ERNESTO R. GANTMAN1 , HÈLA YOUSFI2 , RAFAEL ALCADIPANI3 Professor at Universidad de Buenos Aires, Facultad de Ciencias Económicas – Buenos Aires, Argentina Professor at Université Paris-Dauphine, Departament Management and Organization – Paris, France Professor at Fundação Getulio Vargas, Escola de Administração de Empresas de São Paulo – São Paulo – SP, Brazil

The international scene of management and organizational knowledge (MOK) is dominated by concepts, models and theories originated in the Anglo-Saxon World. Such hegemony in the field can be understood as a form of epistemic colonialism, sustained and reproduced by power relations within the academic world (Ibarra-Colado, 2006). It is, then, pertinent to question the desirability of this state of affairs, especially in a scenario of international crisis that is challenging the long established Western global prevalence. The fact of Anglo-Saxon hegemony in MOK is not new, its consequences are clear: the exclusion or subalternization of alternative perspectives originated in other national contexts. It is hard to talk of true "international" context in the discipline if there is a continuing that blocks, or at least hinders, the participation of scholars working in non-Anglo-Saxon countries (Alcadipani & Reis Rosa, 2011). The goal of this special forum is to explore whether, and how, this hegemony can be effectively challenged.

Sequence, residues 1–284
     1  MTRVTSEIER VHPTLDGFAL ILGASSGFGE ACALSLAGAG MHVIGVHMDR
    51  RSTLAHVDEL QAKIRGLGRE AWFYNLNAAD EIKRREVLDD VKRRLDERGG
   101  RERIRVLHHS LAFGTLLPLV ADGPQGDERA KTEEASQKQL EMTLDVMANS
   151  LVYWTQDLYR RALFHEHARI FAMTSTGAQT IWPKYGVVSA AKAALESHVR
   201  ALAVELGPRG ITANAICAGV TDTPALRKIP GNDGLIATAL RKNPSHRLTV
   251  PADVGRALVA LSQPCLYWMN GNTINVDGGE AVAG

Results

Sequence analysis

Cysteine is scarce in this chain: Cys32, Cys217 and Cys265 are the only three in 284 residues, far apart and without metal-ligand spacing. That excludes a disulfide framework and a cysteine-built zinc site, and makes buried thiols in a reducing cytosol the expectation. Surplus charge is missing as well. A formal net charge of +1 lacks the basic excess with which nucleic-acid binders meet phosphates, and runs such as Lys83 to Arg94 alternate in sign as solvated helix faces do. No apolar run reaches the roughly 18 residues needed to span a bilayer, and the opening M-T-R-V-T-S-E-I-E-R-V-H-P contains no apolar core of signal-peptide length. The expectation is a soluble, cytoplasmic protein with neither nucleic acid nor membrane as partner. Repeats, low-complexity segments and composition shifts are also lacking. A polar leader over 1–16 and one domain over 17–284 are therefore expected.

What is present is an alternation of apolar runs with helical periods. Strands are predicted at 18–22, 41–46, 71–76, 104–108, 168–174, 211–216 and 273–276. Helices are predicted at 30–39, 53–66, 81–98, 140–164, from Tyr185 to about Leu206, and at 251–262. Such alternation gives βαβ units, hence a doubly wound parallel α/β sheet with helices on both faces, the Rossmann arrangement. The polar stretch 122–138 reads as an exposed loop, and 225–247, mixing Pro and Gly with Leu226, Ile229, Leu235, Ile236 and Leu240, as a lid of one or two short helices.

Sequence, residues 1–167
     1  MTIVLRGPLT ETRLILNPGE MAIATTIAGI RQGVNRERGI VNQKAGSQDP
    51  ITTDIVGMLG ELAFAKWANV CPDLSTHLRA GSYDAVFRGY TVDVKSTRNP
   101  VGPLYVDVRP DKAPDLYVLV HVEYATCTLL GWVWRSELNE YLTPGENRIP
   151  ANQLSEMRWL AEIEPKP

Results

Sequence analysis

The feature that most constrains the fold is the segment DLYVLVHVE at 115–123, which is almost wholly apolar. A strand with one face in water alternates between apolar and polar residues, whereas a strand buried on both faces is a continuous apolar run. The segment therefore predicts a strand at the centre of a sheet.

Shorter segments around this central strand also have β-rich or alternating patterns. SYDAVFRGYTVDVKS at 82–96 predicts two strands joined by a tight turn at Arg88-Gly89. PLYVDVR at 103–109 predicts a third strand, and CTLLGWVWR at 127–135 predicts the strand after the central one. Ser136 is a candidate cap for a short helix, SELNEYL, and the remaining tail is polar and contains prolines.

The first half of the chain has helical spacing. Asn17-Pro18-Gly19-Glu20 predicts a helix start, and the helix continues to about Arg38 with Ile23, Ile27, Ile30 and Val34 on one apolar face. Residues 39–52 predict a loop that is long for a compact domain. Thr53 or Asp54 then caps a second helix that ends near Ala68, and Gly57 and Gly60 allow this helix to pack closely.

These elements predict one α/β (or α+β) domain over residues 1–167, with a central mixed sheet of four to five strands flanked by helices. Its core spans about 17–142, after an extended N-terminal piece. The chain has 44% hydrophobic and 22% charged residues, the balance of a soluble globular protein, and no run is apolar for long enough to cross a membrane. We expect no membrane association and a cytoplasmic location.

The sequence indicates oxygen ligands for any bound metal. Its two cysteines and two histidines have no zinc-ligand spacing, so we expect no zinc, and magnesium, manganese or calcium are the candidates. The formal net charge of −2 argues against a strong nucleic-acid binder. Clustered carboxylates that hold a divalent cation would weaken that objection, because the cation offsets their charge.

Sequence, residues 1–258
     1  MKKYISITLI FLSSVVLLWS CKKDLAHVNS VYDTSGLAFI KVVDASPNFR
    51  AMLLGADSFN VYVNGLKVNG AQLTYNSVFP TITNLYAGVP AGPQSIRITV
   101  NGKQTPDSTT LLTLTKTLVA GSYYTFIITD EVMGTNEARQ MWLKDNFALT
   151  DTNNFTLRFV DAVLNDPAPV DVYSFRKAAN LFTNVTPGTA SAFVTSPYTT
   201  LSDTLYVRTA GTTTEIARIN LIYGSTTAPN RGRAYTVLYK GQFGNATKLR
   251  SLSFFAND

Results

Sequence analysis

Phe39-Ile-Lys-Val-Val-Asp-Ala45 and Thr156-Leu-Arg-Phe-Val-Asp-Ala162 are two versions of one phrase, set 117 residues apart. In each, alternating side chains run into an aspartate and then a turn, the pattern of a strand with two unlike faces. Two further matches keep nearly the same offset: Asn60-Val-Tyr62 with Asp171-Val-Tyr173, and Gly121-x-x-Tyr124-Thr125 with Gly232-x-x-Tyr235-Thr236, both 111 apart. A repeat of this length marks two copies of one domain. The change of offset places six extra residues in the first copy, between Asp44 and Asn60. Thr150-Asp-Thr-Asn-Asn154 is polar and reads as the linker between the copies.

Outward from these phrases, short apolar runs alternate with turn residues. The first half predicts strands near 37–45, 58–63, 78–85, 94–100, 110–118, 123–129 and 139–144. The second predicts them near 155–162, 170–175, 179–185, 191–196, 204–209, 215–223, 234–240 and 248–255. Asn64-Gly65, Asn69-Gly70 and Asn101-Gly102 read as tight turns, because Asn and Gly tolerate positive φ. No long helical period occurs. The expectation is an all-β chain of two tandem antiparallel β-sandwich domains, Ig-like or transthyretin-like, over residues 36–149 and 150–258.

To gain attention in "international" academia, it is essential to be heard in the English-speaking world. Paradoxically, even those who opposed Anglo-Saxon hegemony, or more broadly the hegemony of Western thought, such as the , publish their works in English to make them known to a wider audience. An interesting example in this regard is that of the Argentine scholar Walter Mignolo, one of the most prominent theorists of postcolonialism in its Latin Americanist version and professor at Duke University. When asked why he wrote his "The idea of Latin America" in English, being an academic trained in Argentina and France, Mignolo (González, 2006) just answered "in the domain in which the book operates, I suspect there are more Spanish speakers who read English than the other way around". This suggests that the key to success in social sciences is largely the ability to participate in the academic system of the Anglosphere. Would Mignolo have acquired the same theoretical relevance if he had developed his academic career in his native Argentina? It is highly unlikely. Does this mean that scholars from peripheral countries must spend some time working in the Anglosphere, or even their whole academic career there, as did Ernesto Laclau, to effectively spread their ideas? Although there are examples to the contrary - such as Enrique Dussel, an Argentine philosopher currently residing in Mexico and a prominent representative of Latin American social thought; Jacques Rancière, one of the most important French philosophers who offers a radically new conception of emancipation; and, the Mexican organizational theorist Eduardo Ibarra-Colado, the alluring power of the material and symbolic resources (i.e., prestige) provided by English-speaking countries, and mainly the U.S. and U.K., is a decisive factor in the construction of the epistemic hegemony of these countries as engines of knowledge in the social sciences and privileged locales for its diffusion.